I often hear financial advisers say the reason they're not on social media is that their target audience isn't on it either. Ten years ago they may have had a point, but not today.
Let's think about an adviser's target audience for a moment. Generally speaking, they're interested in people with a reasonable amount of money to invest. That usually means those over 40. Inevitably, people most in need of advice in the run-up to retirement, and in their later years, which makes the over-55s a particularly important demographic.
There are two other key factors that make people more likely to have money to invest. First, wealthy individuals have, on average, higher levels of educational attainment. Secondly, of course, they tend to earn more.
So, what does the evidence day about social media use among those groups? Well, one of the most in-depth studies on this subject is by the Pew Research Center in the US.
Researchers collated data from 27 surveys and 62,000 interviews and found that, in 2015, 65% of American adults used social media sites. Although the overall number of people on social media has levelled off since 2013, they also found there continues to be growth in social media usage among some groups that were not among the earliest adopters, including older people. For financial advisers, three factors should really stand out:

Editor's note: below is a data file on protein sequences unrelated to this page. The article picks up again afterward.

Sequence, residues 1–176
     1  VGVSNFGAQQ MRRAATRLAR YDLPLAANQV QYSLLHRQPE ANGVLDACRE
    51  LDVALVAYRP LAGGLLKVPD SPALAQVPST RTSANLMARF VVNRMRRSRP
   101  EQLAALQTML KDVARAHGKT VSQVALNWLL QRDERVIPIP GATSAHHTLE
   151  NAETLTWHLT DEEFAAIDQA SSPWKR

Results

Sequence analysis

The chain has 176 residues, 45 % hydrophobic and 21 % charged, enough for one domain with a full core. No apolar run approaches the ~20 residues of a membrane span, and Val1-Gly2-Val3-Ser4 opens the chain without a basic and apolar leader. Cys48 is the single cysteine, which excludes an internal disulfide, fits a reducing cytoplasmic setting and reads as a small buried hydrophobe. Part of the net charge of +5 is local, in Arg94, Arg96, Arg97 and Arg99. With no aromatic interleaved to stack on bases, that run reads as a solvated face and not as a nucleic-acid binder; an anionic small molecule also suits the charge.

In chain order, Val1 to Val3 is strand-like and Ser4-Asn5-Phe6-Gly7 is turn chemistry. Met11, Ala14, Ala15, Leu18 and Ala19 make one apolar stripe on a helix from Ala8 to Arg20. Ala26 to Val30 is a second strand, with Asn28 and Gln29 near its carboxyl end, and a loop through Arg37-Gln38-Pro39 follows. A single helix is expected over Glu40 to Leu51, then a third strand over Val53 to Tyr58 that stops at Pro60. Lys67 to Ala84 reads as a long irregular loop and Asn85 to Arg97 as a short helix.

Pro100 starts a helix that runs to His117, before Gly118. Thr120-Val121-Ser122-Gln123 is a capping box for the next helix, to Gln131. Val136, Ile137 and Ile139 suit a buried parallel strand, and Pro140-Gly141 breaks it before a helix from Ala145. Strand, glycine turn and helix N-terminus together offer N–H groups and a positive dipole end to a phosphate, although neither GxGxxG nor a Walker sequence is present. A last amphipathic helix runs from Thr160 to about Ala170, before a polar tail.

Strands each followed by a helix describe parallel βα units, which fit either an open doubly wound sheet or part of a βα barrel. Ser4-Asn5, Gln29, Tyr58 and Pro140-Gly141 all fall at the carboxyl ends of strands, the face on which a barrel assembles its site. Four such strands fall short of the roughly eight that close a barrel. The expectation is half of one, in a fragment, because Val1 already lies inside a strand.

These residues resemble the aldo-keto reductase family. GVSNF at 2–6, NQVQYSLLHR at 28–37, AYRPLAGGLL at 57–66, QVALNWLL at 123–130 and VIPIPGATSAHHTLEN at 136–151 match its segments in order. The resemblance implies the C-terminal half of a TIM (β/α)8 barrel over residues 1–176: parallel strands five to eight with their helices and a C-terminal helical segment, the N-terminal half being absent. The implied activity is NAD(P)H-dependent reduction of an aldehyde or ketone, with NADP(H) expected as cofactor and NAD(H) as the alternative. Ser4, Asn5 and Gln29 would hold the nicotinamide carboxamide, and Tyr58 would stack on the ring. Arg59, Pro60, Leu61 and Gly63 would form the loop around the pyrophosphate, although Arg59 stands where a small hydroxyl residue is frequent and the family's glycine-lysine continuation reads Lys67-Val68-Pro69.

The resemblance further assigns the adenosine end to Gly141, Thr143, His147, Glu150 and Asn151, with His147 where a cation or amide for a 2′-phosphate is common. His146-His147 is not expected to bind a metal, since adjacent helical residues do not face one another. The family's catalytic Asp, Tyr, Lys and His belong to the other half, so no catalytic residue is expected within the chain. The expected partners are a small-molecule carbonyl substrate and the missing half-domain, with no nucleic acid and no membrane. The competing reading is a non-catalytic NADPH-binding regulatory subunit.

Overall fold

Yes, the study confirms that young adults continue to be the most prolific users of social media; 90% of those aged between 18 to 29 are on it. However, usage among those 65 and older has more than tripled since 2010. 35% of those aged 65 and older report using social media, compared with just 2% in 2005.
Current adoption rates for social media stand at 76% for those with degrees, and 70% for those with at least some college education. That compares to 54% for those who have a high school diploma or less.
78% of those living in households with an income of earning $75,000 or more now use social media, compared with 56% of those in households with an income of less than $30,000 – a difference of 22%.
The lesson for advisers is clear. The bulk of their target audience is on social media, so if you want to engage with that audience you need to be on there too.
No, it doesn't mean you need to spend hours on it, or that you have to be on several different sites; in many ways, you're better off focusing your efforts on just one or two social media outlets. Nor do you need to do it all yourselves; there are several outsourcing options, including Regis Media, our specialist division for advisers.
But you need to have a strategy, and to allocate sufficient time and resources to it. Most of all, you need some high-quality content that people want to consume and share.